This book is the first in a series of four readers called The Read and Learn Series for beginning-level students. There are 40 units in each book. The readings in this book average about 50 words in length, and a total of just over 600 different words are used in the 40 readings. A summary of the series is below:
The simple and easy-to-use units follow the same two-page format in all four volumes. A reading is followed by three short exercises that correlate with and expand upon the topical and linguistic content in the reading. Answers to the exercises are found at the back of the book.
The content of the units is broad and comprehensive in its appeal and may be used by learners from middle school to community college, and even beyond.
The readings in the books include a variety of written material: articles, stories, conversations, menus, charts, diagrams, schedules, and Internet pages and messages. The readings are intended to be entertaining, informative, and useful. They focus on the various reading skills required for living and learning in our contemporary English-speaking world. They are international in scope to stimulate interest in and knowledge of other places and cultures, from the Amazon to Mount Fuji, and to emphasize that English is an international language.
Following each reading there are three types of exercises. The first is a simple multiple choice exercise that focuses on the meaning and use of selected vocabulary items from the reading. In general, the items are used in a context that is somewhat different from the context in the reading. The reading exercise checks the students comprehension of the reading. It requires the students to find specific information and to infer additional, more implicit meanings in the text. The grammar exercise expands on a grammatical point (ex: pronoun forms, verb tenses, plurality) or grammatical structure (ex: word order, subject-verb agreement) encountered in the reading. All three exercises require the students to examine the details of the reading passage.
Using the Books
The format of the four-book series is simple and easy to use, allowing for its use by individuals working in an independent mode or by students in a teacher-guided formal class.
Independent Study Mode.
The answers in the back of the book allow learners to work on their language skills completely independently or to use the material as a supplement to a formal study program. The 160 units in the complete series give self-studying learners sufficient material for several hours of study. The progression of the units from short to longer passages provides controlled challenge and comprehensible input. As the passages increase in length and in vocabulary level, the learners known language also increases to meet the challenge of dealing with the unknowns of the passages. The uniformity of the units allows the learners the opportunity to focus on the language and not waste time trying to figure out what to do from unit to unit. Most important, perhaps, by following through the entire series, the learners will experience the satisfaction of feeling and recognizing progress.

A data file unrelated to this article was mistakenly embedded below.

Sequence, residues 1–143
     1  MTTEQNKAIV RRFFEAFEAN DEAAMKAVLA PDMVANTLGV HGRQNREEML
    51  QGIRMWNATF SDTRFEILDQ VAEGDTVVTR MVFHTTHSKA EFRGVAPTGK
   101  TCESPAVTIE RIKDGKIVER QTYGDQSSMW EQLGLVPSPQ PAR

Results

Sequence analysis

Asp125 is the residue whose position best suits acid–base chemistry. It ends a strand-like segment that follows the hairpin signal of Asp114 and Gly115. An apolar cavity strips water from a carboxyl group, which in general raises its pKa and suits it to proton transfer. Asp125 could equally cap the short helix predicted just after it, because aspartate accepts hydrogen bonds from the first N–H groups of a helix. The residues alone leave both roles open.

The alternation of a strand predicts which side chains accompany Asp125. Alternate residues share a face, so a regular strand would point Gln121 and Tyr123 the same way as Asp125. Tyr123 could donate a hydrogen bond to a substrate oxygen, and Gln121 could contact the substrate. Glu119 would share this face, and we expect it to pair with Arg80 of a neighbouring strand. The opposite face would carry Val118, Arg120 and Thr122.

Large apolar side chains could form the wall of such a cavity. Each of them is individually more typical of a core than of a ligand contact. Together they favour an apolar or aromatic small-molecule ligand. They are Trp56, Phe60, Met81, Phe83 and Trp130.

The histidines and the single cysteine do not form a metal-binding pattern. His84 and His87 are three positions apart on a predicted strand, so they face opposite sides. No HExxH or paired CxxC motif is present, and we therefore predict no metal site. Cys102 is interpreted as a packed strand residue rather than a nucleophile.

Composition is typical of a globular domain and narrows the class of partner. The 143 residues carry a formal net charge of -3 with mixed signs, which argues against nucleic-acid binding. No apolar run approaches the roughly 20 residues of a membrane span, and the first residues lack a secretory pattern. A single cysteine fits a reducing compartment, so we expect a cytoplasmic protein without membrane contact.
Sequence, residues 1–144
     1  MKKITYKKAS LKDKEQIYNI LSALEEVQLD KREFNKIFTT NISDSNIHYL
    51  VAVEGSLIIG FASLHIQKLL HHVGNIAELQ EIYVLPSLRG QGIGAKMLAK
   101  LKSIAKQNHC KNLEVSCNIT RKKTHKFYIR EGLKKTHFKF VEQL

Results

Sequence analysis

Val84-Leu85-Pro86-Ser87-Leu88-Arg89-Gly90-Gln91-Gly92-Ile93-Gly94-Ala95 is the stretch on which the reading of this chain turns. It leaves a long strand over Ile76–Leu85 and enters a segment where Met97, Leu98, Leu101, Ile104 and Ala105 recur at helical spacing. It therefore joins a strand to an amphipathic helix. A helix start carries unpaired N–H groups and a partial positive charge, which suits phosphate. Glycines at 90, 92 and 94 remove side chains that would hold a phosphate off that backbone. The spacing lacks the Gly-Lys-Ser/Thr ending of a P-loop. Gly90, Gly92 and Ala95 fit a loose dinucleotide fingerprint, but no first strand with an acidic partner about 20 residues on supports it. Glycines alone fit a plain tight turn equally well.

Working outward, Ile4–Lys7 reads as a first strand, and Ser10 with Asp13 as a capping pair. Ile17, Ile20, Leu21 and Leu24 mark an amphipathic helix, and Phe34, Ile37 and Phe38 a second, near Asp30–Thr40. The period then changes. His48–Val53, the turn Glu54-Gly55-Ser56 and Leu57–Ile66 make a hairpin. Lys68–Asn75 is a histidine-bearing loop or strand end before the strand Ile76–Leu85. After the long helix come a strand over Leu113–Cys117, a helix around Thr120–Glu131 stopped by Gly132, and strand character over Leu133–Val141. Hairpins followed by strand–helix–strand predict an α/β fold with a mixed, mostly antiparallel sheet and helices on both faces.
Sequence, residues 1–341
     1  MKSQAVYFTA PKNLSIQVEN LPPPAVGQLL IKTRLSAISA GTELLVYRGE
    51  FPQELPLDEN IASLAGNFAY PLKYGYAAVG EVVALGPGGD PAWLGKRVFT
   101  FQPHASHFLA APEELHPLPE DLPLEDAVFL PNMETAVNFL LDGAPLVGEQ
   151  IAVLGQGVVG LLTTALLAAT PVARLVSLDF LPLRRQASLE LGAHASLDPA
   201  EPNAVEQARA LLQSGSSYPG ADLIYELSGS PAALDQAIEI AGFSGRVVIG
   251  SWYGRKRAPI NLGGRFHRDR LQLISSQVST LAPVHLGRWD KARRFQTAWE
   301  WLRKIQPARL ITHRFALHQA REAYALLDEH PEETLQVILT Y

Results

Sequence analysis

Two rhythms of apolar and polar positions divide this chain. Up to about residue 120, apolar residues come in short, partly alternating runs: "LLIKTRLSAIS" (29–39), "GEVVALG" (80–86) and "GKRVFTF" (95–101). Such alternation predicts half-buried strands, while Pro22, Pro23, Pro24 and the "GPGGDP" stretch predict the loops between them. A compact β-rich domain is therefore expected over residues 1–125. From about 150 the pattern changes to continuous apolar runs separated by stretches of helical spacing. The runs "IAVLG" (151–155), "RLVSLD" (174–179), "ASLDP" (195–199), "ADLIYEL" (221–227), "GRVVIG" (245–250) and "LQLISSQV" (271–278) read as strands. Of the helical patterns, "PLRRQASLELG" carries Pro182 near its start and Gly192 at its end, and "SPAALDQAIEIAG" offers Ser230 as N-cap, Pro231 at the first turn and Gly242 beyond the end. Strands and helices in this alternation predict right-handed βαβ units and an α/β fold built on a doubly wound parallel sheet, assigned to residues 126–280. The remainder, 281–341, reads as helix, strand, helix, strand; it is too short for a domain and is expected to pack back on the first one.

Formal Class Mode.
Using the books as part of ongoing class work can be done in a variety of ways. A simple and effective procedure is outlined below:
1) Pre-reading preparation. Introduce the nature of the topic and engage the students in a discussion or question-answer session that activates what they may already know about the topic.
2) Initial, silent reading. The students read the passage silently with (or without, as you prefer) their dictionaries to gain an overall understanding. Depending on the level of the class, one to three minutes should be sufficient for this.
3) Reading aloud. This can be done by the teacher, or by students taking turns. A pause for questions and clarification can be added after each sentence or only after the entire passage.
4) Doing the exercises. This can be done individually, but it is often more effective to pair the students and have them work cooperatively. Simply put, two heads are better than one, and the practice of working and learning together can be a very valuable learning experience in itself.
5) Checking the answers. Self-checking or paired checking may generate some questions which should be clarified either as a whole-class activity or as the teacher circulates and responds to individuals or pairs.
6) Discussion. A teacher-led or small-group discussion of the content gives the students the opportunity to use the language they already command to talk about new information with newly acquired knowledge and skill (new words, phrases, structures).
7) Writing. The students can keep a notebook or journal and record a sentence or two, (Today, I learned . . ), or perhaps a paragraph stimulated by the reading. An alternative is to do a short dictation using sentences based on the information in the reading.
The material can be used in a formal program by having the students read the material and do the exercises out of class. For example, a unit is assigned for homework, and is followed by a brief review the next day. An alternative is a teacher-made quiz to keep the students on task.
Using the CD
A CD is available for each book. It is an optional element, but its
use may provide an important and valuable extra dimension to the reading
program. Obviously, the CD offers an opportunity for the students to
hear a standard pronunciation and phrasing of the text. This can be
a very important supplement to an independent study mode, and it may
also be very useful in a setting where the teachers own pronunciation
is too heavily influenced by their native language. The CD can also
be used to work on listening comprehension. It can be played in class
before or after the reading, or the students can follow along by looking
at the text as they listen.
The Read and Learn Series
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